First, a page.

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Haley Bonar - The Size of Planets

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Artist: Haley Bonar

Album: The Size of Planets

Label: Chairkickers' Union Music

Review date: Apr. 20, 2003

By the Shores of Lake Superior

Sometimes, a voice is enough. Or more than enough, it can be everything. Even Bob Dylan, with his horrible, beautiful singing, depended on his voice. Although his lyrics primarily brought him his acclaim, it seems important that he sang them in the way he did. His voice could have been beautiful, but he chose to sing in a more honest, unique way that placed more attention on those words and created a wonderful tension in his music. At the other end of the spectrum are Low, a band of fine songwriters who would probably be just as famous if they sang from the phonebook, such is their gift for stunningly beautiful harmonies.

Dylan and Low are important references for Haley Bonar's music, as they reflect the two poles of her songwriting and singing, and because they both come from Duluth. It's hard to associate Dylan with this aging port town on the shores of Lake Superior, but it's where the man grew up, and it stayed with him, even as he took to New York and conquered the world. Low, by contrast, have remained in Duluth and let the world come to them.

The push and pull of geographical ambivalence is also apparent in Bonar's debut, The Size of Planets, an album deeply concerned with the confusion and conflicting emotions of life in general, but life especially in a place like Duluth, beautiful and engaging but also fading, unsure of what to do with itself. Dylan saw the paint peeling on the sides of houses and took east; Low thought it might be better to stick around, raise a kid, and contribute to the music scene. Bonar still resides in Duluth, and the release of her album is a testament to Low's decision to remain in the city: it's being released by Alan Sparhawk's Chairkicker's Music label, and Bonar has recently joined Low on tour.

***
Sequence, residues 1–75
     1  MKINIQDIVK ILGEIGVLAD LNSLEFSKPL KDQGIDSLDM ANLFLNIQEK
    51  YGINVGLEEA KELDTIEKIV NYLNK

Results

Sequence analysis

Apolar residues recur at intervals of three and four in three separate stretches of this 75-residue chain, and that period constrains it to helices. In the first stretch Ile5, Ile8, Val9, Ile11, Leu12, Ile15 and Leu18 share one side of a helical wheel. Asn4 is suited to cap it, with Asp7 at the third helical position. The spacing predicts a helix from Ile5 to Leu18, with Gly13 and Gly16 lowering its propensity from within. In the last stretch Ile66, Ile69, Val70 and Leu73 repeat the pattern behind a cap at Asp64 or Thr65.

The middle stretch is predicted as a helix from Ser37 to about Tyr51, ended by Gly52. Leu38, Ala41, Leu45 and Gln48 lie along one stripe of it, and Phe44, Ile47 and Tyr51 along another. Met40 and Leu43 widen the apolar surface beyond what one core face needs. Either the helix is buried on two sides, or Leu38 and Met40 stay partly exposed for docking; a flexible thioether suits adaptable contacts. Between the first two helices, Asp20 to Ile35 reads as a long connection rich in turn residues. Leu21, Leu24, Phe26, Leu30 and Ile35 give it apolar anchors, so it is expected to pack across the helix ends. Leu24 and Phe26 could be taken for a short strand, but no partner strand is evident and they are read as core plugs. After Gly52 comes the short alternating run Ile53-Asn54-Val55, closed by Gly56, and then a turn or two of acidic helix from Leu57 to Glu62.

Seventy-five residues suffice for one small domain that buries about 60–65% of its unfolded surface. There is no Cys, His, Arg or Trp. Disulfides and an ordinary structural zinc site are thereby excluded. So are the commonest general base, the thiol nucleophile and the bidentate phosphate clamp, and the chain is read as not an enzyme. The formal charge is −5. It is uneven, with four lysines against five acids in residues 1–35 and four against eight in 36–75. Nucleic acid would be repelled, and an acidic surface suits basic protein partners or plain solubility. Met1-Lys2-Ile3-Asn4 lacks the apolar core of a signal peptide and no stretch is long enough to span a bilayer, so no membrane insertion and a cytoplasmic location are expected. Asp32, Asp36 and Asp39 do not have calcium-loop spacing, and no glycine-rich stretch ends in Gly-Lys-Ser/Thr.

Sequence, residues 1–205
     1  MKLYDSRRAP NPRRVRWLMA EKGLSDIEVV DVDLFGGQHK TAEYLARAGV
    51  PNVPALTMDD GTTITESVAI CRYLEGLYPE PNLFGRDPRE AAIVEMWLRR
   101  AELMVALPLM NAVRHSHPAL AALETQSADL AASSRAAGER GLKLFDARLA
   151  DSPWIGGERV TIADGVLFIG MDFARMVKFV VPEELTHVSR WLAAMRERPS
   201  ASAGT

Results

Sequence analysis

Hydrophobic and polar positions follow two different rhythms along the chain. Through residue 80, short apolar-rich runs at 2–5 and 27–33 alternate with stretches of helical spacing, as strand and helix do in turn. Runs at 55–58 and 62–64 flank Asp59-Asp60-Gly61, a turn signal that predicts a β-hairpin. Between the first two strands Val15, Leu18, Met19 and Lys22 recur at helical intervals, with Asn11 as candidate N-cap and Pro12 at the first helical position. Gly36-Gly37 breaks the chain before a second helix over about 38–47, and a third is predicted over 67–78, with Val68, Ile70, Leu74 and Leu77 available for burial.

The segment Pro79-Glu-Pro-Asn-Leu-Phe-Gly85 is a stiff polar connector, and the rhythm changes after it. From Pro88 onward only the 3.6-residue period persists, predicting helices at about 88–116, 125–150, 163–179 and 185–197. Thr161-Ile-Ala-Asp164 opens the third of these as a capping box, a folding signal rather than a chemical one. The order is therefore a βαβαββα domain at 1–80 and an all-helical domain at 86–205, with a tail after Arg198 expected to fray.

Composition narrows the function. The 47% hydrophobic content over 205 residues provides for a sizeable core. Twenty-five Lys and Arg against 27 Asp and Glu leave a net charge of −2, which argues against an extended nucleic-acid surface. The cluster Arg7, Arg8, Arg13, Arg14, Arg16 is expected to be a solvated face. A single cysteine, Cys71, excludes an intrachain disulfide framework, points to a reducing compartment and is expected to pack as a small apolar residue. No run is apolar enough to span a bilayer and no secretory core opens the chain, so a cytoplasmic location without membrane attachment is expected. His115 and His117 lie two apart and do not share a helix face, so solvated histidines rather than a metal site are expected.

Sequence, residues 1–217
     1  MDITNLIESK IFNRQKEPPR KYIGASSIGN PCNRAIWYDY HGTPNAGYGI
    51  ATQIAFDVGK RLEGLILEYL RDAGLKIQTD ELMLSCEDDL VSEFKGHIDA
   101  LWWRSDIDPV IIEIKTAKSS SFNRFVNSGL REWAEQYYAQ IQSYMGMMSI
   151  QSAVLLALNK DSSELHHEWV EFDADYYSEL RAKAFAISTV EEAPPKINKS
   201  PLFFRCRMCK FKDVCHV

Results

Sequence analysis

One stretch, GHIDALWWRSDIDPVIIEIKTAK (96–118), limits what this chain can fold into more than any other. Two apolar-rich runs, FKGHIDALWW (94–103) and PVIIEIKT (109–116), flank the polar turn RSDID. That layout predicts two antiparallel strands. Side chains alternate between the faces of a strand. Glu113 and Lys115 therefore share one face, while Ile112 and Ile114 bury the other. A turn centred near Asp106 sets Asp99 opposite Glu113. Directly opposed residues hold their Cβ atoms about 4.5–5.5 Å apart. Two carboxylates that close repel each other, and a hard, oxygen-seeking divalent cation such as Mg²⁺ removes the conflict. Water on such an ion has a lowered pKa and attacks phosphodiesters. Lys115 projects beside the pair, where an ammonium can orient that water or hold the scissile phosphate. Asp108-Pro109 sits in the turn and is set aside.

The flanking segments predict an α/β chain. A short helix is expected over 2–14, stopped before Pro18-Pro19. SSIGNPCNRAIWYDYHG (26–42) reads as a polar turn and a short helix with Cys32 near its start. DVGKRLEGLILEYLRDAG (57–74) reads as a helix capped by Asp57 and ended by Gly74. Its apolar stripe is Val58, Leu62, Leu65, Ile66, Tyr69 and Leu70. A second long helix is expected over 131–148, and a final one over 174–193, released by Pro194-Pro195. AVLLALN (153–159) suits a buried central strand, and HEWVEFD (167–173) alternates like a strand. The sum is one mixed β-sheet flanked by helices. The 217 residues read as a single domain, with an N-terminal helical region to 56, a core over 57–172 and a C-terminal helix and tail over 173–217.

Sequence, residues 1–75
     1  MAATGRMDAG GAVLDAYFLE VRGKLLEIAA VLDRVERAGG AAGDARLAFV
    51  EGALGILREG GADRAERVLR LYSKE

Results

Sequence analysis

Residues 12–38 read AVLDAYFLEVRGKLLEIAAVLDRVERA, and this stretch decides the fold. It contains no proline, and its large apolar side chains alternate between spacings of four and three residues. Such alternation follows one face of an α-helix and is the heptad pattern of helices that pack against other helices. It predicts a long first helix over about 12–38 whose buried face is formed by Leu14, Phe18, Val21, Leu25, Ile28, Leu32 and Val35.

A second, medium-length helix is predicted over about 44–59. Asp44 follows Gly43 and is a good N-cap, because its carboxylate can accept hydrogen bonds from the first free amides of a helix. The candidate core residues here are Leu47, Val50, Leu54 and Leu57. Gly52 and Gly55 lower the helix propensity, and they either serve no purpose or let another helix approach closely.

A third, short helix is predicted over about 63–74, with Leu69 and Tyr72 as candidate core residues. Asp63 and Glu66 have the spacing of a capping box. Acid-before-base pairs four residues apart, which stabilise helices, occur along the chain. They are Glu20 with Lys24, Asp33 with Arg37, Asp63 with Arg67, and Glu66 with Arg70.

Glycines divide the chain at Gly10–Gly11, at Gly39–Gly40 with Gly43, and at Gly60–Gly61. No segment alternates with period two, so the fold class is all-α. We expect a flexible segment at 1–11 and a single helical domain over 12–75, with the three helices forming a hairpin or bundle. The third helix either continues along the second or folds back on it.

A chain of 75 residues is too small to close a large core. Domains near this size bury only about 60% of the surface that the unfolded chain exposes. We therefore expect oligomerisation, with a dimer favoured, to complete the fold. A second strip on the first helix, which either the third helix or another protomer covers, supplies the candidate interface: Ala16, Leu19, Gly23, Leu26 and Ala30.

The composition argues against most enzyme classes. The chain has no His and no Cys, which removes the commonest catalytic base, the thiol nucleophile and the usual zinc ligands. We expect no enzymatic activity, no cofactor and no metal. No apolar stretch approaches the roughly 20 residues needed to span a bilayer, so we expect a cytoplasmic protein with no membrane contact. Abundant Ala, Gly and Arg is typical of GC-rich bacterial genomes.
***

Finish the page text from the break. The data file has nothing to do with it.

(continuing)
A first listen to Planets makes clear what piqued Sparhawk's interest. Bonar possesses a voice that makes you sit down and listen, a voice that would make beautiful music no matter what she was singing. Amazingly, though, Bonar's voice is matched with a wit and gift for observation that are rare among any songwriter, let alone one that has yet to turn twenty. Her songs touch on regret, loneliness, and many, repeated attempts to correct these emotions with alcohol. The experiences told through these songs are common and very human, and transformed into something extraordinary through the simplicity and power of her performance.

Her sound is, basically, familiar. The guitars are usually acoustic, although keyboards and beautifully recorded pianos surface throughout. However, she manages to move effortlessly beyond girl-with-a-guitar clichés through the consistent innovation in her songwriting and the freshness of her approach. "Drinking Again" is a prime example, as it covers what its title suggests, the relentless, pointless act of drinking away one's troubles. In someone else's hands, it could have been a bland folk song, or entirely heavy-handed, but Bonar's voice possesses a wryness that undercuts the essential sadness of the song, making it far more rich and interesting. There's humor all over the album, but there are also a number of songs that are capable of real, deeply felt emotion, such as "Go Away Angels", a slow, sad lament about hope and hopelessness.

Without indulging in overstatement or hyperbole, Bonar is a truly exciting find, and someone who seems destined to break into a much broader audience. Her songs draw from familiar genres, but she makes the kind of music that sounds remarkably original despite its recognizable past. One hopes that as the world beckons, she manages to maintain the perspective and sensibility that has brought her this far; she is a songwriter and performer of potential greatness, one to put another feather in the cap of the fine city of Duluth.

By Jason Dungan

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